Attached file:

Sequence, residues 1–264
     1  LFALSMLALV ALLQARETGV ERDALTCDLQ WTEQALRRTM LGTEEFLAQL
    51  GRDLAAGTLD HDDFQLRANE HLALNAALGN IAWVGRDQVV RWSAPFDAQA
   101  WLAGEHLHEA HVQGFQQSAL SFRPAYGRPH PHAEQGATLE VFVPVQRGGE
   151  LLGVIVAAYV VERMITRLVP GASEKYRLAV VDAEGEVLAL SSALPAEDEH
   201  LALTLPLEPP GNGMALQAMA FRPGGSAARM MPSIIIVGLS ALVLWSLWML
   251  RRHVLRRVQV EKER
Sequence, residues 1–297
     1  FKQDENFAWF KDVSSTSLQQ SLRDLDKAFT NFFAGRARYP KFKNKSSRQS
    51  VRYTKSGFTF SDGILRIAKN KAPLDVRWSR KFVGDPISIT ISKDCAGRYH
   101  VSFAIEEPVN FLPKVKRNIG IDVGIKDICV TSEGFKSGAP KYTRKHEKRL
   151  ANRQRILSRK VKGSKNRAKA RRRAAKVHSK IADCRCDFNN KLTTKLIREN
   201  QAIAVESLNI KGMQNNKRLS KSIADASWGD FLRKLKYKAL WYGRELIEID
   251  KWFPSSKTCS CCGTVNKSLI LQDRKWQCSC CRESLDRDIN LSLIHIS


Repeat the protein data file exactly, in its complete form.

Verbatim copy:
Sequence, residues 1–264
     1  LFALSMLALV ALLQARETGV ERDALTCDLQ WTEQALRRTM LGTEEFLAQL
    51  GRDLAAGTLD HDDFQLRANE HLALNAALGN IAWVGRDQVV RWSAPFDAQA
   101  WLAGEHLHEA HVQGFQQSAL SFRPAYGRPH PHAEQGATLE VFVPVQRGGE
   151  LLGVIVAAYV VERMITRLVP GASEKYRLAV VDAEGEVLAL SSALPAEDEH
   201  LALTLPLEPP GNGMALQAMA FRPGGSAARM MPSIIIVGLS ALVLWSLWML
   251  RRHVLRRVQV EKER
Sequence, residues 1–297
     1  FKQDENFAWF KDVSSTSLQQ SLRDLDKAFT NFFAGRARYP KFKNKSSRQS
    51  VRYTKSGFTF SDGILRIAKN KAPLDVRWSR KFVGDPISIT ISKDCAGRYH
   101  VSFAIEEPVN FLPKVKRNIG IDVGIKDICV TSEGFKSGAP KYTRKHEKRL
   151  ANRQRILSRK VKGSKNRAKA RRRAAKVHSK IADCRCDFNN KLTTKLIREN
   201  QAIAVESLNI KGMQNNKRLS KSIADASWGD FLRKLKYKAL WYGRELIEID
   251  KWFPSSKTCS CCGTVNKSLI LQDRKWQCSC CRESLDRDIN LSLIHIS